The King’s Stallion: Elvis’ Last Harley-Davidson

The King’s Stallion: Elvis’ Last Harley-Davidson

Elvis Presley is famous for his revolutionizing of pop music, his outrageously swinging hips—and his motorcycles. The King of Rock ‘n’ Roll’s love for two-wheeled rides is well-documented in both photographs and the musical sensation’s own words.

In particular, Elvis seemed to prefer Harley-Davidsons. One of those bikes, with a title to prove its authenticity, recently went up for auction.

And it wasn’t just any motorcycle. The 1976 Harley-Davidson FLH Bicentennial was the last H-D—and the last bike—the King ever bought.

The FLH was offered for sale on May 20 at the Indy ‘23 Mecum auction. However, it didn’t find a new home.

That’s not necessarily all that surprising, though. This legendary bike is in the race to potentially become the world’s most expensive motorcycle when it finally finds the right buyer.

Let’s take a closer look at Elvis, his penchant for motorcycles, and—of course—the last bike the King bought.

The King’s Stallion: Elvis’ Last Harley-Davidson

Bookends in the Shape of a Harley-Davidson

It’s no secret that Elvis developed a taste for the finer things after his rise to stardom. Perhaps he can be forgiven for that, considering the poverty he spent his youth in. The King enjoyed the best in everything, from homes to cars and, of course, motorcycles.

Yet, his enthusiasm for two wheels seems to have always been there. Case in point, he used some of the money from his first record deal in 1955 to buy a Harley-Davidson Model 165 ST.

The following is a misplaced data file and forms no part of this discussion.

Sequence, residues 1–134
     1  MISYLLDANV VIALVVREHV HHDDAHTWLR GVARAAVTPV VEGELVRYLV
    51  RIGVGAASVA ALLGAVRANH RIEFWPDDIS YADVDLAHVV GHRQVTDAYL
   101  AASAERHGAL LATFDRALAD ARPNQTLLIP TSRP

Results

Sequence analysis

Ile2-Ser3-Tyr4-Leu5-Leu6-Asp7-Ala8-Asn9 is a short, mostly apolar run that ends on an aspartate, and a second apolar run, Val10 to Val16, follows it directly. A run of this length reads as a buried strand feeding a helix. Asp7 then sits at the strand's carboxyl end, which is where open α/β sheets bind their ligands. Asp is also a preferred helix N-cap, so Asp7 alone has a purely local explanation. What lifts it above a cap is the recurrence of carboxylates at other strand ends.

There’s no telling how many motorcycles Elvis bought, owned, and sold over his life. Although his stable was extensive and covered many brands, his bike purchases ended like they began—with a Harley-Davidson.

We know Elvis bought the 1976 FLH on August 11, 1976. It was registered to his home at 845 Chino Canyon Rd in Palm Springs, CA. The odometer on the bike reads 1,262 miles, but according to estimates, only around 126 of those miles were put on by the King himself.

Indeed, Elvis didn’t get to enjoy his FLH for long. In mid-1977, he sold the motorcycle to a local California H-D dealer.

Only three months later, Elvis left the building forever.

After Elvis’ death, the dealer sold the bike to a hotel owner in Wildwood, NJ, for display as a promotional piece. In 1983, the FLH found its way to the Pioneer Museum in Murdo, SD, where it remained a key part of the museum’s collection for more than 30 years.

In 2019, the motorcycle went under the gavel for the first time. It sold for $800,000, making it the third most expensive bike ever sold at the time. Even today, the bike is still in the top five of pricey rides.

And so, we get to May 20, 2023. The FLH was again up for sale, but no bidder rose to the occasion to make a high enough offer.

I’m not saying that’s a bad thing, though. That means there may be another chance for Elvis and motorcycle enthusiasts to bid on the FLH soon enough.

A Royal Ride